15. 15. 1 Introduction on how competences and occupational skills will to change, given current trends, thus creating a and can be acquired in the future, in order to descriptive vision of the future. On the other support priority setting for education, training and hand, based on the projection of current socio- skilling policies. It does not intend to correctly economic trends and challenges into the future, predict or model the future. Rather, it employs a the study sets out to develop a normative vision of number and variety of stakeholder consultation the future by identifying strategies which ensure exercises to come up with imaginative visions that future learning opportunities contribute to and scenarios of the future of learning, which social cohesion, socio-economic inclusion and provide valuable insights into current trends and economic growth. their possible development in the future. In order to achieve these two objectives, a This report presents a synthesis of the series of extensive stakeholder consultations, results of this project, which was conducted employing different formats (workshops; online jointly by IPTS, TNO, the Open University in consultations; group concept mapping) and the Netherlands and Atticmedia, on behalf of including different stakeholder groups (experts the European Commission (DG Education and and practitioners; teachers; policy makers) were Culture). set up. The different consultations were designed to jointly reinforce and cross-validate one another. Both research lines were developed on 1.2 Methodology the basis of extensive desk research, including other foresight studies and policy documents, The main objectives of the Future of and intensive discussion and planning activities Learning study are twofold. On the one hand, among the consortium members and IPTS to it aims to identify, understand and map how ensure the significance and validity of the results learning strategies and trajectories are expected obtained. Figure 4: Overview of the methodological approach16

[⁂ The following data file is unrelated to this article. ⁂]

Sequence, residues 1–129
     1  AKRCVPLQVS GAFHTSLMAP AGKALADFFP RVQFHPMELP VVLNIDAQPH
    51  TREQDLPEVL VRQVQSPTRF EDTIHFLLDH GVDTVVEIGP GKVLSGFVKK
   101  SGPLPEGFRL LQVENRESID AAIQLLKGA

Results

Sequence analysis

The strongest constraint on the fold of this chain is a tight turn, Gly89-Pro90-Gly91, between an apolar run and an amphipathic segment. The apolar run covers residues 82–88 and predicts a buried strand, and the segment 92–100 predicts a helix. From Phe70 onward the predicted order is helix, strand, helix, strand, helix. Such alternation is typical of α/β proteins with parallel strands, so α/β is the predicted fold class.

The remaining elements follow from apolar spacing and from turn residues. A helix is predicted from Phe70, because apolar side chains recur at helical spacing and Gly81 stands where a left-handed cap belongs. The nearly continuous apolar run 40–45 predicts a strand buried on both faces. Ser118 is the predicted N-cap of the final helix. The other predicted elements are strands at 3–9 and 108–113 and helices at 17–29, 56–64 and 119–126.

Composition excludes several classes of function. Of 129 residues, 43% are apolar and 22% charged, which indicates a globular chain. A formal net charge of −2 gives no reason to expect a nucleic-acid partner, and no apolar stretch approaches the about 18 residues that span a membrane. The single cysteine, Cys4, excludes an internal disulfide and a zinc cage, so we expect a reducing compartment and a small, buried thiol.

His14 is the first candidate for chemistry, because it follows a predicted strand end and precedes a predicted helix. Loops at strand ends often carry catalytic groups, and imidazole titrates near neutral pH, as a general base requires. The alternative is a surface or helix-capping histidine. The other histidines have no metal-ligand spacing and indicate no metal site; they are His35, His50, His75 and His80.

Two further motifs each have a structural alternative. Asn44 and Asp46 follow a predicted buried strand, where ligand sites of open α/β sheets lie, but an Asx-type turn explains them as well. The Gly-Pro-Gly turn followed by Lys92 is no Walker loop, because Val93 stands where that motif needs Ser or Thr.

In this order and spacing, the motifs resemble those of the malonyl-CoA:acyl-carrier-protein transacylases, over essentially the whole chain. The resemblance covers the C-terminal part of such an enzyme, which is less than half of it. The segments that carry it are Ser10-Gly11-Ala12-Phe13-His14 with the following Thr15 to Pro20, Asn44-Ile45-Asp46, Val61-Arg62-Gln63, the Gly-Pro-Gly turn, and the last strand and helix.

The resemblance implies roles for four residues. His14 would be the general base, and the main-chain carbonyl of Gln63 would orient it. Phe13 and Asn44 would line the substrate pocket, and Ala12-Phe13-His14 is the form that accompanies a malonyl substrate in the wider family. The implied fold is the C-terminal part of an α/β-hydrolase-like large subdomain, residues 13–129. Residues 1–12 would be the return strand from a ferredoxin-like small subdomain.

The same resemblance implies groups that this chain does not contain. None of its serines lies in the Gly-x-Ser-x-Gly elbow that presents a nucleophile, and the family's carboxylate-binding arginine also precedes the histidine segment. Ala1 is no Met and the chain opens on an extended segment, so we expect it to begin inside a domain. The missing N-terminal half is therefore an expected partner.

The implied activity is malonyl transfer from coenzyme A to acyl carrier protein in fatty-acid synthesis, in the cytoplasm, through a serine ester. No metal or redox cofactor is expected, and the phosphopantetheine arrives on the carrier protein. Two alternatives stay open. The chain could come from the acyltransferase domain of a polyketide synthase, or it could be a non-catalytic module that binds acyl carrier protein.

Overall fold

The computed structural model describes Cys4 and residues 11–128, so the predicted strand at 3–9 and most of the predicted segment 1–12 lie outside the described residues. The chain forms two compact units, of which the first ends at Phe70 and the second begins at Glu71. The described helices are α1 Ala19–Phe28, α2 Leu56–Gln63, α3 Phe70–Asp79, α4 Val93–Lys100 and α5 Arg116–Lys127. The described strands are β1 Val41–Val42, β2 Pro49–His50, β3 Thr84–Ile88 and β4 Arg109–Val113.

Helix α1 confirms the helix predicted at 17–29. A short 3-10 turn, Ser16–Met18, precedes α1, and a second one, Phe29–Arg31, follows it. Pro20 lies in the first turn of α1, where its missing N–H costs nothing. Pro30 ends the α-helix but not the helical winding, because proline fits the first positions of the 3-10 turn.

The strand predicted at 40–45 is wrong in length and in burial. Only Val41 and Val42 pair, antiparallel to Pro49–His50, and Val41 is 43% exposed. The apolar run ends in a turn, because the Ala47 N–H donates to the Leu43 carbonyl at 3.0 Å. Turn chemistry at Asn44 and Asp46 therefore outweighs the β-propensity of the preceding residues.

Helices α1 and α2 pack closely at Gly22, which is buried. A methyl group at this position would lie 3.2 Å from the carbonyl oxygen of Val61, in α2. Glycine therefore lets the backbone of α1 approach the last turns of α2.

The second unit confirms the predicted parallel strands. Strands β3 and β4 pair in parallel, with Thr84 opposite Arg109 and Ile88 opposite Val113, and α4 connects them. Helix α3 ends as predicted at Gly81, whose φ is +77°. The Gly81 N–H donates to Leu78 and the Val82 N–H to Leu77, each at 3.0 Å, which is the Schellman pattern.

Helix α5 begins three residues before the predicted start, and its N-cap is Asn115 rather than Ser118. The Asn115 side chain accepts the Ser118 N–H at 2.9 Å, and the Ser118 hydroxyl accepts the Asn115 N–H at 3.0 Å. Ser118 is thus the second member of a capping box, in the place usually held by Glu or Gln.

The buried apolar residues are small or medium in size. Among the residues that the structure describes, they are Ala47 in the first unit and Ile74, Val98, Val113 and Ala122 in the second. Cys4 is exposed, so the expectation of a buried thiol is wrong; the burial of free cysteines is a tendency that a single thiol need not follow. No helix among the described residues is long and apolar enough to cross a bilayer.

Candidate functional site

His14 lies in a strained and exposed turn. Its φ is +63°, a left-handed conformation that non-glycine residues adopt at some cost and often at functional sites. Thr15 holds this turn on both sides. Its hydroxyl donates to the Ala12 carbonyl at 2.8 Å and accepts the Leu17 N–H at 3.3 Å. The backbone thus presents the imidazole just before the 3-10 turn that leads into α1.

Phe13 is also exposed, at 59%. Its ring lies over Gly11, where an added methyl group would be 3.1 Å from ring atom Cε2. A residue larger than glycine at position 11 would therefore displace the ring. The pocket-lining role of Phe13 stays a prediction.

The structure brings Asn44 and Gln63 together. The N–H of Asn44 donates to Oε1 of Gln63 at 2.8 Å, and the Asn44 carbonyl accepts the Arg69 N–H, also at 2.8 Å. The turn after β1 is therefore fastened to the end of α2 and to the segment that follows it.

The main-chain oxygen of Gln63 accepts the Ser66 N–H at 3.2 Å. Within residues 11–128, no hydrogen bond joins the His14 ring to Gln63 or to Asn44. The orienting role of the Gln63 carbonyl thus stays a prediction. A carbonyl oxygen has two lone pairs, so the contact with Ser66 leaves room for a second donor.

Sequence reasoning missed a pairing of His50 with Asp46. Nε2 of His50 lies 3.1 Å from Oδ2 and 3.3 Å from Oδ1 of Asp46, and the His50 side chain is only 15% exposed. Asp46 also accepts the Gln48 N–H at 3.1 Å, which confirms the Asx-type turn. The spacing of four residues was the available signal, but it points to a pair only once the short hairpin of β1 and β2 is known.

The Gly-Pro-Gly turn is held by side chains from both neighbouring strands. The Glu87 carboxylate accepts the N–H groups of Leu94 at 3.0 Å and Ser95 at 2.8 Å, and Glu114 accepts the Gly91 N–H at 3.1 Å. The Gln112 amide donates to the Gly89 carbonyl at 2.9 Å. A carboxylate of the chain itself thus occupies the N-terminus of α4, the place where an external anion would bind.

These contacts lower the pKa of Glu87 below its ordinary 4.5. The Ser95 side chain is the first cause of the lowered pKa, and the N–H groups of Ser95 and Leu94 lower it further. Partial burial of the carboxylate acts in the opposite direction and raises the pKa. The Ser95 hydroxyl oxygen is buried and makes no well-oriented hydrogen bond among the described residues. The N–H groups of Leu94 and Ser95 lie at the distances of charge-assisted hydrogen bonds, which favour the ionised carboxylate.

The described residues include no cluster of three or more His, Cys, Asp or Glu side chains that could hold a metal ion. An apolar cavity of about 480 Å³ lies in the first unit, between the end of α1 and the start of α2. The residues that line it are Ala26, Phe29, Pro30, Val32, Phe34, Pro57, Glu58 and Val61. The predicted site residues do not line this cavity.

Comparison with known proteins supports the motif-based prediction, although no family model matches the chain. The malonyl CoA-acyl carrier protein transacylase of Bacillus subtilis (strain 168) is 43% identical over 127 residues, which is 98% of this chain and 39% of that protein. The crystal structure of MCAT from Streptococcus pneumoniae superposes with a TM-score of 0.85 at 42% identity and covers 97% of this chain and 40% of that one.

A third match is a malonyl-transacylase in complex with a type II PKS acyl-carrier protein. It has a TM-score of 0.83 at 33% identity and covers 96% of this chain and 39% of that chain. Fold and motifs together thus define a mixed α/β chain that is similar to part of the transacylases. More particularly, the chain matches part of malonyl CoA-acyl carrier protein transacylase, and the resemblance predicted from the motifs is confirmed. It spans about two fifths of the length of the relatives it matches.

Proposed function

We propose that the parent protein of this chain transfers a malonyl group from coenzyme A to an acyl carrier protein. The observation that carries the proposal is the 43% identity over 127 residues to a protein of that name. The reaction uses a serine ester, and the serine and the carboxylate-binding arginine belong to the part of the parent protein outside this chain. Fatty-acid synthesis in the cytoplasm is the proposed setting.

16. 16. The Future of Learning: Preparing for Change1.2.1 Towards a descriptive vision of the future challenges were identified that are expected to of learning have a pronounced effect on the socio-economic future of Europe. Each of these challenges The key question for this line of the research was illustrated by the use of a “persona”, awas: “What will learning look like in the future?” stereotypical character, outlining the mainVariants of this question were put to experts (May problem at hand. Subsequently the persona2010, 16 experts), teachers (February 2010, 13 descriptions and illustrations were subjected to ateachers) and policy makers (May 2010, 15 policy series of stakeholder consultations with experts,makers) in dedicated workshop brainstorming teachers and policy makers, both online and faceand discussion sessions, leading to three different, to face.though vastly overlapping and coinciding mapsof the landscape of future learning. Persona development In total, nine different persona were Additionally, a selected group of experts developed, which address the two key questionswere involved in a more targeted and intensive for the normative vision development: 1. Howconsultation process, employing the Group can education and training institutions andConcept Mapping Methodology (GCM). This systems address future learning needs?, and 2.intensive process involved a focus group of 13 How can demand and supply of skills be betterexperts at three stages, i.e. in (1) gathering, (2) matched? (Figure 4).clustering and (3) rating insights on major changesto education in 20 years’ time. The experts came While contributing to the two overallup with a total of 203 ways to complete the trigger questions, each persona addresses a particularstatement “One specific change in education challenge for future education and training orin 20 years’ time will be that: …”. Each expert employment and labour market strategies (or both,then arranged the changes foreseen in different as in the case of Joshua and Frank), namely:thematic clusters and rated them for importanceand feasibility. 1. How will E&T meet future learning needs, e.g.: The vast amount of data thus generated • How can an increasing number ofwas subsequently aggregated and analysed. children from multicultural backgroundsTo depict the emerging structure in the data, be integrated and be enabled to fullymultidimensional scaling and hierarchical cluster develop their talents (Chanta)?analysis were applied. Based on the experts’ • How can early school leaving besorting activity, each statement was placed on a prevented and effectively dealt withmap, reflecting its proximity or distance to the (Bruno)?other statements. Based on the position of the • How can all students be enabled to fullystatements and the clusters proposed by experts, develop their individual talents, i.e. howthe statements were subsequently clustered can learning pathways and trajectoriesinto 12 groups, which were labelled using titles be adapted to individual learning needssuggested by the experts. (Emma)? • How can the learning objectives and1.2.2 Towards a normative vision: identifying strategies in vocational and higher challenges and their solutions education better be aligned with labour 17 market needs? Based on literature research, the findings • What will the future role of teachersof the GCM mapping exercise and in intensive be? (Frank)consultation with policy makers, a number of